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Romanian man extradited to Ireland to face charges over stolen luxury cars

The defendant had to surrender his passport, provide gardai with his new mobile phone number, reside at Foxdene Avenue in Lucan, and sign on daily at the local Garda station

Stock picture© Getty Images

Tom TuiteSunday World

A businessman has been extradited back to Ireland on charges of stealing a car, possessing stolen vehicles and motor parts, and unlawfully having an electronic "relay" gadget for use in a theft.

Constantine Asimionesei (33), formerly of Holland's Park, Athy, Co Kildare, now living in Lucan, Co Dublin, was brought back from Romania on Friday to face trial on charges under the Theft & Fraud Act.

It follows an investigation by the Garda Stolen Motor Vehicle Investigating Unit.

He appeared before Dublin District Court on Saturday before Judge Bryan Smyth. He set bail in the defendant's bond of €1,000 and a €12,000 independent surety.

The father of two is accused of two counts of deception over the sale of two cars for €35,000, stealing a 2019-registered Kia Niro worth €30,000 and handling another stolen car valued at €15,000, as well as stolen car airbags, engines, doors, seats and other parts, on dates in 2019 and 2020, at locations in Co Dublin and Co Meath.

He also has a charge for having a Dell rucksack and an electronic relay device for use in connection with a theft, at his residence in Eaton Drive, Rathcoole, Co Dublin, on March 5, 2020, on the date of the alleged theft of the Kia Niro.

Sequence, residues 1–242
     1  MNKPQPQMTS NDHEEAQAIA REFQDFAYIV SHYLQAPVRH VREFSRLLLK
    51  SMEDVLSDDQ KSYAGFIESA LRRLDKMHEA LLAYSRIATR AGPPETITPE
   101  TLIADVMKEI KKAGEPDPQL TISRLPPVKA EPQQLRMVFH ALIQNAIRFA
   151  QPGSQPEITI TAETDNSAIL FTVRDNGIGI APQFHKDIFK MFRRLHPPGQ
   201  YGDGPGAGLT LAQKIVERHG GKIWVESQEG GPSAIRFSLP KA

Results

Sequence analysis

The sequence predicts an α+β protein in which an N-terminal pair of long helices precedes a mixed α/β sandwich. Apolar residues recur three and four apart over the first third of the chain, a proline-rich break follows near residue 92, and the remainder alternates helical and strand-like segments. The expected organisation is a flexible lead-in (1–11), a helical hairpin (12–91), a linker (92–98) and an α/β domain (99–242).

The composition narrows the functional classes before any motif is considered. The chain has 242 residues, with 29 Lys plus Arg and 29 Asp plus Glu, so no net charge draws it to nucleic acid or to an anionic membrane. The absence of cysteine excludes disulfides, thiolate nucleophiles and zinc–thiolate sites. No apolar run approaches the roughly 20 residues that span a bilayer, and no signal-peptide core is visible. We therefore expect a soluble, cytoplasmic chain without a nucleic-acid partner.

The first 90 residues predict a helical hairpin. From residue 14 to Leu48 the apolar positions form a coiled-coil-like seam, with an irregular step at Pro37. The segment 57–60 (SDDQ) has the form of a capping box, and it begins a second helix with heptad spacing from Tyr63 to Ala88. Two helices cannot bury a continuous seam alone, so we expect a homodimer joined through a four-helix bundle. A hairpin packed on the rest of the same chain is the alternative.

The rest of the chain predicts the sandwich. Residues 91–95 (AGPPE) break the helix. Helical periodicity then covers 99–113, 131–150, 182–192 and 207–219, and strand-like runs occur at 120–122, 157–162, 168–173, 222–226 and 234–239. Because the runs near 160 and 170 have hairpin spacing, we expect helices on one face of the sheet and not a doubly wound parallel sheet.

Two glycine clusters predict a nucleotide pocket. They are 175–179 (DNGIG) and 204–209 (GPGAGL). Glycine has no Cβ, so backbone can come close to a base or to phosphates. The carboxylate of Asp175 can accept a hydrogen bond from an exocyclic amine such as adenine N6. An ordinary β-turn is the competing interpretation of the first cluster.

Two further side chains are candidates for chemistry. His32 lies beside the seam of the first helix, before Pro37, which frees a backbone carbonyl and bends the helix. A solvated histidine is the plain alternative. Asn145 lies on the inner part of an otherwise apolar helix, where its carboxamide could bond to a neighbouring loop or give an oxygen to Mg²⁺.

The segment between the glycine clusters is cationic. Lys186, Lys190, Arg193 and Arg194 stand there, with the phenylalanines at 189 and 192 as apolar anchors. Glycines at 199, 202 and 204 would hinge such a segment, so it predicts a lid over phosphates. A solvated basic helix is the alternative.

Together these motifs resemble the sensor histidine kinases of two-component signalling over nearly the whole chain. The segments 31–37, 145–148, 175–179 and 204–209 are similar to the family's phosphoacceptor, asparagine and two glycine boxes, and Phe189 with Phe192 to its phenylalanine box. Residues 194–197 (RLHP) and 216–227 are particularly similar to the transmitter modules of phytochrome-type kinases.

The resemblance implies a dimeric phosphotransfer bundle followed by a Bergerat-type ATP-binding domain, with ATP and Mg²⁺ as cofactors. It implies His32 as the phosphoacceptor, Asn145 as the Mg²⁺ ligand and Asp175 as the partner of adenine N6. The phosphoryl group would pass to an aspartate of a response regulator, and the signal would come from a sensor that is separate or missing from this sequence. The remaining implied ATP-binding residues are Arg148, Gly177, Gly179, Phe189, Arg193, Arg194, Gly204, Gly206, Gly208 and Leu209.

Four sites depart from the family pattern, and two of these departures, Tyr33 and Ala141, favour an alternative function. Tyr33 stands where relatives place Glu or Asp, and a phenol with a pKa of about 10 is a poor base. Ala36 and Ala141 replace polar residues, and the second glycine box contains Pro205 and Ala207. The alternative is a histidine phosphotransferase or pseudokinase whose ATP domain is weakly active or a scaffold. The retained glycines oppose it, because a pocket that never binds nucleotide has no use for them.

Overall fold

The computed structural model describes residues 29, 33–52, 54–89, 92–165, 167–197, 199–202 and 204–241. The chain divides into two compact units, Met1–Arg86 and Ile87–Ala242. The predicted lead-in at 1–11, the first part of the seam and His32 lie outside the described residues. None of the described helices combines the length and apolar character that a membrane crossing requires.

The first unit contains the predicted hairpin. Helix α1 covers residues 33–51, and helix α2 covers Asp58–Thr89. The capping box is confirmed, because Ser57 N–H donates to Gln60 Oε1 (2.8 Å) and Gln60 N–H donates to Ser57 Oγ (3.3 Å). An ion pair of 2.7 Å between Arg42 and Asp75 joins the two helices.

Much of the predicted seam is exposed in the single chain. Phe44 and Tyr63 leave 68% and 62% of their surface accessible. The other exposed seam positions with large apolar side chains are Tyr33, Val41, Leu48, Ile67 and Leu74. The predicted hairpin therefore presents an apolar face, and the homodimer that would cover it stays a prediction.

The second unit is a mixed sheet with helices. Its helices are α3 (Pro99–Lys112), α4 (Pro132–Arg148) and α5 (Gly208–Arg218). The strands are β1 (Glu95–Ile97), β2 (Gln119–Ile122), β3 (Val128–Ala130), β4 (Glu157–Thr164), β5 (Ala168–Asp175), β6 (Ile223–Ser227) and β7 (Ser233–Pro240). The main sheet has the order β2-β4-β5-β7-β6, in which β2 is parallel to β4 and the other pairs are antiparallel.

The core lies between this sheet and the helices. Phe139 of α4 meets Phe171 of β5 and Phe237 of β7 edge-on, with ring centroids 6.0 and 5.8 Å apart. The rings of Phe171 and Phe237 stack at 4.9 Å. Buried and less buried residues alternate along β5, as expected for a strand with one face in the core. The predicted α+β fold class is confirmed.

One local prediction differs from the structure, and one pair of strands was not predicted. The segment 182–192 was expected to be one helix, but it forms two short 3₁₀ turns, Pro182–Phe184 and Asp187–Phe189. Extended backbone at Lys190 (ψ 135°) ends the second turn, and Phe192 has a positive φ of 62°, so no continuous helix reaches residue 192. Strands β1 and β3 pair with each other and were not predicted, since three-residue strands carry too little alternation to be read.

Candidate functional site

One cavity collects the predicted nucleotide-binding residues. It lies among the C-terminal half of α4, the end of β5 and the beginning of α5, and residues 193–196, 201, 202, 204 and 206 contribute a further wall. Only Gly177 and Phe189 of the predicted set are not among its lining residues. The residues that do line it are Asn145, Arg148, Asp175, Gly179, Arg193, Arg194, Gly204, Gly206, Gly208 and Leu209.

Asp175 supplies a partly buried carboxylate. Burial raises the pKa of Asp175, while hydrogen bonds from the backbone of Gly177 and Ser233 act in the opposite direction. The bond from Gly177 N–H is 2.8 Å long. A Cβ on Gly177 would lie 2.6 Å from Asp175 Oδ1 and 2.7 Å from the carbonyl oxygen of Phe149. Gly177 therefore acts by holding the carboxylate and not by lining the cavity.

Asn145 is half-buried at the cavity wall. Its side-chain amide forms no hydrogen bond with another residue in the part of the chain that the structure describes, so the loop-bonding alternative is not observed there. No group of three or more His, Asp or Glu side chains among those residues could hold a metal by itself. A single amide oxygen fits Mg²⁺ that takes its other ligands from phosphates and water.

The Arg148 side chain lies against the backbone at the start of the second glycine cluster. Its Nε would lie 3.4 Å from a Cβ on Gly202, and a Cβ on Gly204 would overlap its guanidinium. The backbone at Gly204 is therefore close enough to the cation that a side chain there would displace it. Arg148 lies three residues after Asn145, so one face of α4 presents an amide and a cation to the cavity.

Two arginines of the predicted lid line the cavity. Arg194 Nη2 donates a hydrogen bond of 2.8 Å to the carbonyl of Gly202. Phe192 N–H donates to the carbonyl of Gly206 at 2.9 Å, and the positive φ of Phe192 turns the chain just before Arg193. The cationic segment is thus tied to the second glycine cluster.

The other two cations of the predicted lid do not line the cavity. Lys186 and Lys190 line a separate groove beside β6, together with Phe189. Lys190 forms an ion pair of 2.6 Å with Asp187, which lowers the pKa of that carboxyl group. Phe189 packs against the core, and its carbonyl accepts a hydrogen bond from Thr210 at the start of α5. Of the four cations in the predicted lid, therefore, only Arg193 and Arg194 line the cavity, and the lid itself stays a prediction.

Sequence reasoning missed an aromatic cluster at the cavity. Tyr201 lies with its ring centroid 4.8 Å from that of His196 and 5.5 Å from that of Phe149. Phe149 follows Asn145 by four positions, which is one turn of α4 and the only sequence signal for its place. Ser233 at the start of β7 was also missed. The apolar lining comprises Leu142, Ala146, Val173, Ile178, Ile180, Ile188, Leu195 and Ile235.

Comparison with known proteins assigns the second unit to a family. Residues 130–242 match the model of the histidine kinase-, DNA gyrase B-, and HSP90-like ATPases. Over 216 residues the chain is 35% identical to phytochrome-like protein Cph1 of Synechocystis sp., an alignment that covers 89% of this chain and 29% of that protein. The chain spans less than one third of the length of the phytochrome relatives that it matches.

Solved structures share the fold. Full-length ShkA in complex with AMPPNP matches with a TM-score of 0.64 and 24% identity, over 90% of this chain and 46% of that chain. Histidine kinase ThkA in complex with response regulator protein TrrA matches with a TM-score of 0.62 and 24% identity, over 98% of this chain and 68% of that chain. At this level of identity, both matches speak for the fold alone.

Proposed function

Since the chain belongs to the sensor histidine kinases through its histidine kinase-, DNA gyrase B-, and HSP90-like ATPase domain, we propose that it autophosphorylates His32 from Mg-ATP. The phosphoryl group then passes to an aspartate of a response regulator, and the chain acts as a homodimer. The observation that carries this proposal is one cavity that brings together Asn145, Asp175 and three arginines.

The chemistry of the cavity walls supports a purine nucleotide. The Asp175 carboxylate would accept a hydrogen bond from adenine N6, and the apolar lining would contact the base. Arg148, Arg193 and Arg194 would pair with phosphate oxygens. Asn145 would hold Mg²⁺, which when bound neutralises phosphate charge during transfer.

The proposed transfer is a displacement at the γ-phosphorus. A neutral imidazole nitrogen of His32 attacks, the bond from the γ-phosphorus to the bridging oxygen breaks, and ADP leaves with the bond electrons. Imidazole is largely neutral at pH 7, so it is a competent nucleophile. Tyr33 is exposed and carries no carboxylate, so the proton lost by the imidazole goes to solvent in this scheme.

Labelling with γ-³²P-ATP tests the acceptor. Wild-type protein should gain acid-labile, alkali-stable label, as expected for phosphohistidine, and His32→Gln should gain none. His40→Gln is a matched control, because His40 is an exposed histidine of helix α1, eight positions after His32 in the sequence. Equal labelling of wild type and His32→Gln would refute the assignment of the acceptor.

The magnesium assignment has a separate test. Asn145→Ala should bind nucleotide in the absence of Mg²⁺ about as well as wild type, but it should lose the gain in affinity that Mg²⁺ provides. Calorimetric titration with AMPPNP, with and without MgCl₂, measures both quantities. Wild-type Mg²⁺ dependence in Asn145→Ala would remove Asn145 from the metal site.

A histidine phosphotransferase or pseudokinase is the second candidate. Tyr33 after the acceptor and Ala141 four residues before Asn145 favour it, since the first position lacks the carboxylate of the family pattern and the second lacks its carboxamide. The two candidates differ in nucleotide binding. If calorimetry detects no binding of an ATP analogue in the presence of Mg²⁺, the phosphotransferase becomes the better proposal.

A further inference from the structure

He made denials to three charges and had no reply to the remaining 12 charges.

Detective Garda Seamus Wallace objected to bail, telling Judge Smyth that Mr Asimionesei was initially arrested on March 5, 2020, but he was released pending the preparation of a file for the Director of Public Prosecutions (DPP).

He said the accused was told gardai would be in touch over the possibility of a further arrest; however, he left the country with his family 12 days later.

The DPP has directed trial at the Circuit Court level, which has broader sentencing powers, and Detective Garda Wallace said a European Arrest Warrant had to be obtained to bring him back to Ireland.

Cross-examined, he agreed with defence counsel Aisling Ginger-Quinn that Mr Asimionesei did not fight the extradition proceedings.

Counsel stressed her client's ties to this jurisdiction, telling the court Mr Asimionesei had lived here since he was nine. The court heard that his father and siblings were also in Ireland and willing to stand bail while his wife was about to return.

The barrister told the court that Mr Asimionesei went back to Romania after his mother died because of something related to her will. He had intended to set up a company there.

However, he now intended to remain in Ireland, and would abide by conditions, the court heard. A refusal of bail would result in a lengthy period in custody on remand while he had the presumption of innocence, counsel submitted.

Judge Smyth set bail, and after informing Mr Asimionesei of the financial requirements, he warned him that he must abide by a list of conditions.

The defendant had to surrender his passport, provide gardai with his new mobile phone number on which he must be contactable at all times, reside at Foxdene Avenue in Lucan, and sign on daily at the local Garda station.

He was remanded in custody with consent to bail to appear at Cloverhill District Court on Wednesday. Legal aid was granted.

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